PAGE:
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Cold water can't dampen significance of discussions among estranged parties: China Daily editorial

chinadaily.com.cn | Updated: 2024-04-23 19:59

Zhang Youxia (front row, third from left), vice-chairman of the Central Military Commission, poses for a group photo on Monday with the attendees of the 19th Western Pacific Naval Symposium in Qingdao, Shandong province. NG HAN GUAN/AP

The way in which some Western media outlets have reported on the 19th Western Pacific Naval Symposium hosted by China in Qingdao, Shandong province, from Sunday to Wednesday only exposes that they have missed the point.

They have tried to portray the gathering of high-level delegations from 29 countries as being merely an occasion for Beijing to attempt to defend itself against the allegations of the West, which accuses it of making "dangerous, irresponsible, bullying, provocative and coercive" moves targeting its smaller neighbors in the South and East China seas.

These reports originate from the media outlets' biased view that Beijing is the root cause of the security threats in the region. They are not only a deliberate distortion of the truth; more importantly, they fail to convey the practical significance of the forum.

China has nothing to feel sorry about when it comes to defending its sovereignty and territorial integrity and core interests in the Asia-Pacific, and it has no need to defend its actions to that effect.

The real value of the symposium is that it provides a rare platform for major countries related to not only the security of the Asia-Pacific, but also the rest of the world, to have face-to-face communications on core issues of global concern.

Notably, many senior representatives of the maritime defense departments of different countries are attending the symposium at the invitation of China, including US Navy Pacific Fleet Commander Stephen Koehler and Acting Commander-in-Chief of the Russian Navy Aleksandr Alekseyevich Moiseyev. Australia, France, India and the United Kingdom have also sent delegations to the forum.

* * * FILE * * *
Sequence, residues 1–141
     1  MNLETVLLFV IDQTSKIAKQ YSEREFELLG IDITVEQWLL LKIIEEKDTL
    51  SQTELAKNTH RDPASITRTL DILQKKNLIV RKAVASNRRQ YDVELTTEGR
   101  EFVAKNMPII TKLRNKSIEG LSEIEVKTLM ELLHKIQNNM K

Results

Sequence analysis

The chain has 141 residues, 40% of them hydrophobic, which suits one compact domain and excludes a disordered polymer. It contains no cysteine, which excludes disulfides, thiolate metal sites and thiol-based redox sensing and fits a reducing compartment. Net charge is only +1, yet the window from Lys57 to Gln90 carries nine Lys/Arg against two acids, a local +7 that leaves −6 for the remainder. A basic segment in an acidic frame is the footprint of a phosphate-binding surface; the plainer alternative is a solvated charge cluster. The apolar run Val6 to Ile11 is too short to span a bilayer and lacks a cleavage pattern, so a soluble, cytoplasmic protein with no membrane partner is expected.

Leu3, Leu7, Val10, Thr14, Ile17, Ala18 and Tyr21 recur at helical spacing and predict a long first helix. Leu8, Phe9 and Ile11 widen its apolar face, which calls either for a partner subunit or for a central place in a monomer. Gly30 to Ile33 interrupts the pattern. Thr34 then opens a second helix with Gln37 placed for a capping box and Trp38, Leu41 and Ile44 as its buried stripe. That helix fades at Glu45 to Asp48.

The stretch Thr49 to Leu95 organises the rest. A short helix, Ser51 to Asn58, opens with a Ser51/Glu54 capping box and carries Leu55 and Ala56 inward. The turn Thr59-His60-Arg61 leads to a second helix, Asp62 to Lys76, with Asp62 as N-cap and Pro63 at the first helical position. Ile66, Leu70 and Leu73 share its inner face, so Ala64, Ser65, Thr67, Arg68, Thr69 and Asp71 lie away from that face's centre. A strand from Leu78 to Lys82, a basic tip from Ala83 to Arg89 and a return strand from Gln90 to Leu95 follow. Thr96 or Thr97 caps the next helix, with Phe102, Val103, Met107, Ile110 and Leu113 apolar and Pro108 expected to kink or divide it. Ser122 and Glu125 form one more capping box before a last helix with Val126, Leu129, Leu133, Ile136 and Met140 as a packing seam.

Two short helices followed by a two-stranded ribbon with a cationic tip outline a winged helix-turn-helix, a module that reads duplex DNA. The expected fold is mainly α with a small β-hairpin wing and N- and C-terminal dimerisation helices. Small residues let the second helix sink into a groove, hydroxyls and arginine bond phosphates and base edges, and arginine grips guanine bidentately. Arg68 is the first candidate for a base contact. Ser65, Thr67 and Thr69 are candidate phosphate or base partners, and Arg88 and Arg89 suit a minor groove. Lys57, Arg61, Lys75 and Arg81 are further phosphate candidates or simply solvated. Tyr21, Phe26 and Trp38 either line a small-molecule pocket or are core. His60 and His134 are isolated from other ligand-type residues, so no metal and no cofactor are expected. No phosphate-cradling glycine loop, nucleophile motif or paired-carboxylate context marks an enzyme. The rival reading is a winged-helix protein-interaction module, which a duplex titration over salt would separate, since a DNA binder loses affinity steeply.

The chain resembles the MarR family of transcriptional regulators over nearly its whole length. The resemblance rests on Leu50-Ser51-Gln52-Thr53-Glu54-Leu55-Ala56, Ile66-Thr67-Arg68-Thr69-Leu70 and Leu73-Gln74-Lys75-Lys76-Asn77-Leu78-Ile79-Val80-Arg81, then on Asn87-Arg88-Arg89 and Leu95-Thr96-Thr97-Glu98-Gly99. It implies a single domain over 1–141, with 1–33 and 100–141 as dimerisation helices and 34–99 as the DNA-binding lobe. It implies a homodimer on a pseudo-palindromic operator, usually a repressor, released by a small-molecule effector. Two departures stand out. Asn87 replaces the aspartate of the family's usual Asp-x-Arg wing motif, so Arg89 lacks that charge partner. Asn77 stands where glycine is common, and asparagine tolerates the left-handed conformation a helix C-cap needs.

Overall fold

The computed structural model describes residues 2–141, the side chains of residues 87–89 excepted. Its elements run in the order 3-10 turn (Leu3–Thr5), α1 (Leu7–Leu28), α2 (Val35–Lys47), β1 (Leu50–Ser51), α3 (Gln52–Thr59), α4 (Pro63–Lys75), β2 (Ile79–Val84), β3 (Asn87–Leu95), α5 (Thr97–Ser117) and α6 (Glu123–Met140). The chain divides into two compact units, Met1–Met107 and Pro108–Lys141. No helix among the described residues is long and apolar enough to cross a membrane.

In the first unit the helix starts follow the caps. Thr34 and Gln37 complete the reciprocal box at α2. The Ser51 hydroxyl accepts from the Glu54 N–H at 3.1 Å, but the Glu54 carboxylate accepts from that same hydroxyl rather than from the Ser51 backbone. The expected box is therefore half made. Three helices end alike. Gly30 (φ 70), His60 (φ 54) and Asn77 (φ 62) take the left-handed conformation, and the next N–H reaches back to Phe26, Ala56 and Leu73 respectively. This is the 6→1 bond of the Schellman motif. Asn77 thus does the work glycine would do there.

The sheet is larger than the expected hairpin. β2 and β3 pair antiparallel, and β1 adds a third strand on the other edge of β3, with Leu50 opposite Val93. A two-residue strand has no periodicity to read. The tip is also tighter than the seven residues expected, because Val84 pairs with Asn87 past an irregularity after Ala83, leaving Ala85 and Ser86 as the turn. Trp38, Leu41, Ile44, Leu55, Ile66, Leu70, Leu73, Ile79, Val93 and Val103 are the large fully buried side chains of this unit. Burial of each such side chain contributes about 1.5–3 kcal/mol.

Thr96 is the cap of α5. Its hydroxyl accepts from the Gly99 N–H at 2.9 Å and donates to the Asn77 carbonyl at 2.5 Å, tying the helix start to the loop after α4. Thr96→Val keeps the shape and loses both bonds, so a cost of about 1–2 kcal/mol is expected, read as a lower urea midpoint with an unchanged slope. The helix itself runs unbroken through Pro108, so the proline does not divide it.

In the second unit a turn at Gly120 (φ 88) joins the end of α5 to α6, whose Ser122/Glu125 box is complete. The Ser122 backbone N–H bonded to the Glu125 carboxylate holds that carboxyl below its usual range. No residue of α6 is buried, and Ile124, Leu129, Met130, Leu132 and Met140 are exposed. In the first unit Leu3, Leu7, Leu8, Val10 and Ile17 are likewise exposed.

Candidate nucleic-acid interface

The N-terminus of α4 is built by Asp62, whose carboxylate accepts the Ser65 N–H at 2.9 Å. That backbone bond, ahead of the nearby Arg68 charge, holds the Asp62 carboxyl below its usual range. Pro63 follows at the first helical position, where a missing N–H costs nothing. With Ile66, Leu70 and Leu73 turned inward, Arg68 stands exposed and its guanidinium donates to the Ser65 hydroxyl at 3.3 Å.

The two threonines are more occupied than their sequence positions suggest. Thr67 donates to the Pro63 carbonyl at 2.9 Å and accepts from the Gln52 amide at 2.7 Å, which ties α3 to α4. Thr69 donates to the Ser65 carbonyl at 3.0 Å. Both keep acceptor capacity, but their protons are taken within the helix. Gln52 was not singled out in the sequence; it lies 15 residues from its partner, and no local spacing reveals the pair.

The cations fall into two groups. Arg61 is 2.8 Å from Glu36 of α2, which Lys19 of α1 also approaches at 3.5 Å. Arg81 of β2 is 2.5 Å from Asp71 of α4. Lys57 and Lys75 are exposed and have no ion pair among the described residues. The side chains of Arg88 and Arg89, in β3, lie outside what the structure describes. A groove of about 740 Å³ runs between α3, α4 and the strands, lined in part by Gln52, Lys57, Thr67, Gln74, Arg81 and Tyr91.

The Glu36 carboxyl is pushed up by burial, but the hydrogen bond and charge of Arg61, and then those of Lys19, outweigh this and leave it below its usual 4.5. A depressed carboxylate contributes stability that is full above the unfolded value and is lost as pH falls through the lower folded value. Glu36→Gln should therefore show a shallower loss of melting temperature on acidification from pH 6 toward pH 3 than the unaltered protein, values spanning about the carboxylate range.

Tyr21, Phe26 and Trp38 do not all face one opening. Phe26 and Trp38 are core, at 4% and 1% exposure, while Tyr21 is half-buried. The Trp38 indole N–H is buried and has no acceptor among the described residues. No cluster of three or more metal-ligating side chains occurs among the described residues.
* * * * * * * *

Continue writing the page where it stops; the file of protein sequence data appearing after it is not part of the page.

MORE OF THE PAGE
That means representatives of not only the US-led "Indo-Pacific" geopolitical cliques such as the Quad and AUKUS, but also some North Atlantic Treaty Organization member states are participating in the meeting.

The regional maritime security forum should therefore be welcomed given the long-time lack of security communications, if not estrangement, among some of the countries attending the gathering, against the backdrop of the US' "Indo-Pacific" strategy, the Russia-Ukraine conflict and the Middle East crisis.

According to the forum agenda, delegates to the meeting are expected to review activities taking place under the symposium's framework since its 18th biennial meeting, set the future agenda, and discuss and vote on issues such as the Western Pacific Naval Symposium Business Charter, the Code for Unplanned Encounters at Sea, and unmanned systems. All of these contribute to laying a strong foundation for the formation of an effective institutional mechanism to safeguard regional peace, avoid any misjudgment and manage risks.

As US Pacific Fleet Commander Stephen Koehler told the media, the symposium is a rare opportunity for countries with apparently "opposing regional interests" to exchange views.

Although details of most of these exchanges between the key stakeholders remain unknown, their presence at the forum, and the forum's agenda, which reportedly has been widely welcomed by the majority of the participants, should serve to prove that the participating countries are open to talks and face-to-face communications on key issues of common concern.

Instead of misportraying the Qingdao naval symposium, the Western media has enough reasons to report on it accurately. In a volatile world that has not seen such a meaningful and pragmatic solution-oriented multilateral gathering at the executive level for so long, the collective willingness displayed by the participating countries to exchange views and seek common ground to ease regional tensions and explore ways to resolve some hotspot issues is a positive and welcome sign.

China deserves credit for inviting, hosting and encouraging these otherwise not-talking-with-each-other guests to engage in constructive discussions about meaningful topics, avoiding the event from becoming another bickering shop between different blocs.

That is why the symposium is being keenly followed by countries far beyond the Asia-Pacific, despite the efforts of some Western media to belittle it.

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